Broadband Initiative Seeks to Close Digital Gap in the Americas

Improving broadband access throughout the Western Hemisphere was a hot topic at the Sixth Summit of the Americas this past weekend.  President Obama announced the creation of the Broadband Partnership of the Americas, a program set to improve Internet access across Latin America and the Caribbean.


…While approximately 80 percent of the Latin America and Caribbean population has access to mobile phones, only 40 percent has Internet access, with levels in Central America and the Caribbean at approximately 30 percent. Broadband penetration is estimated to be 29 percent, falling just below the global average.

Enhancing access to broadband improves development outcomes, fosters economic development and increases competitiveness. The Inter-American Development Bank reports that a 10 percent increase in the region’s broadband subscriptions would boost GDP growth by 3.19 percent and increase productivity by 2.6 percent…

The new partnership will be managed by USAID’s Global Broadband and Innovations Program, which will provide financial and technical support for improving broadband strategies.  The initiative also comes on the heels of the Obama administration’s other announcements – Small Business Network of the Americas and Women’s Entrepreneurship in the Americas – which will promote trade among small businesses throughout the Hemisphere.  There is a special interest in supporting “diaspora entrepreneurs” through the Latino American Idea Partnership (La IdEA) and the Caribbean Idea Marketplace (CIM) business competition platforms.

Of course, there are many critics of the new free trade agreements with Colombia and Panama and the “convenient timing” of all of these new initiatives from the White House. However, having better Internet access for budding entrepreneurs in Latin America and the Caribbean is a very important issue that needs to be addressed better, and the new partnership attempts to deal with the digital gap.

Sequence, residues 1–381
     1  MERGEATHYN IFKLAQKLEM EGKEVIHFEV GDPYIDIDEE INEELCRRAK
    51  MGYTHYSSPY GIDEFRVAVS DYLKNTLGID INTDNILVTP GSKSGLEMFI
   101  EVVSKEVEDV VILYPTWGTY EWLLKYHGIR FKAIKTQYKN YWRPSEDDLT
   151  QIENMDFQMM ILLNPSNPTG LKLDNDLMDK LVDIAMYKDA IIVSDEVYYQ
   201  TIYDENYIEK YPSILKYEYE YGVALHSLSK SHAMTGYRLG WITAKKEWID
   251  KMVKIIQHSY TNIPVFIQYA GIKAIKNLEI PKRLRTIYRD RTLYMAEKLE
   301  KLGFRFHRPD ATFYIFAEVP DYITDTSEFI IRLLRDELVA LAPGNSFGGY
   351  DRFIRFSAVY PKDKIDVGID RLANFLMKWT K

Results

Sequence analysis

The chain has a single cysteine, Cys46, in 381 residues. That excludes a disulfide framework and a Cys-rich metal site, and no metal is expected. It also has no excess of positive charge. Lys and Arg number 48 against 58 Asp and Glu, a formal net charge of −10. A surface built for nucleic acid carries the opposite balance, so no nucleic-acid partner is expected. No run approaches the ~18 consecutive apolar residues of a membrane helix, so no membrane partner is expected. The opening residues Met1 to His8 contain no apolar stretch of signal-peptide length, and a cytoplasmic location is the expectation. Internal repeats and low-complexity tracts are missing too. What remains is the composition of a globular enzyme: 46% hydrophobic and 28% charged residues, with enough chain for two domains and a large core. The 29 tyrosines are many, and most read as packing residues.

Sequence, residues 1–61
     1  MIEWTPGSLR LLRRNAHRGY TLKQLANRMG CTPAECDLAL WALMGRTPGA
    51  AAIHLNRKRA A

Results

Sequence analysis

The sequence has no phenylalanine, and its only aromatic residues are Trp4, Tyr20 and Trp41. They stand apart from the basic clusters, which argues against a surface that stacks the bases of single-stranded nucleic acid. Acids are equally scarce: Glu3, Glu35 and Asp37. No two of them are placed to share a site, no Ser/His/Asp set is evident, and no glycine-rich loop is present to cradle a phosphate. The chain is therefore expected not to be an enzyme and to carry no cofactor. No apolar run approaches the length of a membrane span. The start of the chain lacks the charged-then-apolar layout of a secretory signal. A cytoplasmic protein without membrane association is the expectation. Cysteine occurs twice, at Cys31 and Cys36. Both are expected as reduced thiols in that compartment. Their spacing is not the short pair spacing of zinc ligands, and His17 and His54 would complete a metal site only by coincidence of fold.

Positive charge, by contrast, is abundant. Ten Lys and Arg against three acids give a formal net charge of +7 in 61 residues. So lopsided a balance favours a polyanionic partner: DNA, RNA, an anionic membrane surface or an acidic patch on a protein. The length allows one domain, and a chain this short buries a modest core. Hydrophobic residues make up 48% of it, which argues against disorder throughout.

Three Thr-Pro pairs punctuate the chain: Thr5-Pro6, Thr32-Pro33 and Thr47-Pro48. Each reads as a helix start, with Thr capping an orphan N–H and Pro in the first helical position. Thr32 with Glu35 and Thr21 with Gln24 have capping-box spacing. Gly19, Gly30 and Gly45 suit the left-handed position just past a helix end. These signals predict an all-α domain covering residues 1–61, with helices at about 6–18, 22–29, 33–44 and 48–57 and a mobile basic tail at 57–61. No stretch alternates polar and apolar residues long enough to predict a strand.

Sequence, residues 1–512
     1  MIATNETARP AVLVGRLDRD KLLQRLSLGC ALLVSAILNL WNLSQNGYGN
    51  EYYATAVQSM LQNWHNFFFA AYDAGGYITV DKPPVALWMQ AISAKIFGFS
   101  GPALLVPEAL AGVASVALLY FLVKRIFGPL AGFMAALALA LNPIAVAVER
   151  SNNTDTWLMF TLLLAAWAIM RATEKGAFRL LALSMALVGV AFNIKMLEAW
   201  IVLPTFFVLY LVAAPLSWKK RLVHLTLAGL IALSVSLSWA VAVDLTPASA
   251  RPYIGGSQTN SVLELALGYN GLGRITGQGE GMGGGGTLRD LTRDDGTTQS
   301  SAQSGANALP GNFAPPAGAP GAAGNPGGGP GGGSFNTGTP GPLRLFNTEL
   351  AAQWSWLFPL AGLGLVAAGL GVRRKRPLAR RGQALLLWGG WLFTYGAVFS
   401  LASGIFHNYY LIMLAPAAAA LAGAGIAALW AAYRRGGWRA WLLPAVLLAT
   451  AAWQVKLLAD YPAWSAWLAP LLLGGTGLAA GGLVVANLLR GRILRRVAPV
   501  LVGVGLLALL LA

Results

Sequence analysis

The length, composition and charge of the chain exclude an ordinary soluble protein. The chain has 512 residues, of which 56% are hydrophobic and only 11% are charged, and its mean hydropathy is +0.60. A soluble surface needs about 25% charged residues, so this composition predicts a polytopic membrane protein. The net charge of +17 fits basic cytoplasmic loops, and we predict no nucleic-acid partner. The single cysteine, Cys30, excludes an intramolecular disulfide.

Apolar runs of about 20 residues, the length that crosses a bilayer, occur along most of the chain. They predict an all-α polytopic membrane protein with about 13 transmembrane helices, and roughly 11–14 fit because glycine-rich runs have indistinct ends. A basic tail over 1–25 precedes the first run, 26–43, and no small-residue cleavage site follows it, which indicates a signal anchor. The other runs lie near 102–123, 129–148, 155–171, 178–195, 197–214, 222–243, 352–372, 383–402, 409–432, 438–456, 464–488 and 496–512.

Global Wire Associates has done work in the past with activists and entrepreneurs in the region, like with Mariam Cotton, a Trinidadian who runs her own catering business outside of Port of Spain.  She is developing her own line of exotic fruit preserves.  When Cotton came to one of our trainings last February, she told us that she is dependent on her mobile phone for contacting clients and online banking.  However, because she doesn’t have regular Internet access, her ability to expand her business and stay current with her competition is limited.

According to the International Telecommunications Union, only 39.5 percent of citizens of Trinidad and Tobago have Internet access.  If there was a better broadband strategy in her community, she would be able to build a company website, do online research on how to improve her business and better market her services to potential clients.  We spoke to Cotton again yesterday about the prospects of better broadband access and the hopes that the Obama administration will stay true to their promises.

“I think it is a blessing for me to get online,” Cotton told GWA in a telephone interview.  “I want to be able to connect with more customers and open a restaurant and sell my preserves in Miami one day.  Having the Internet will help me feel more connected with the world.”

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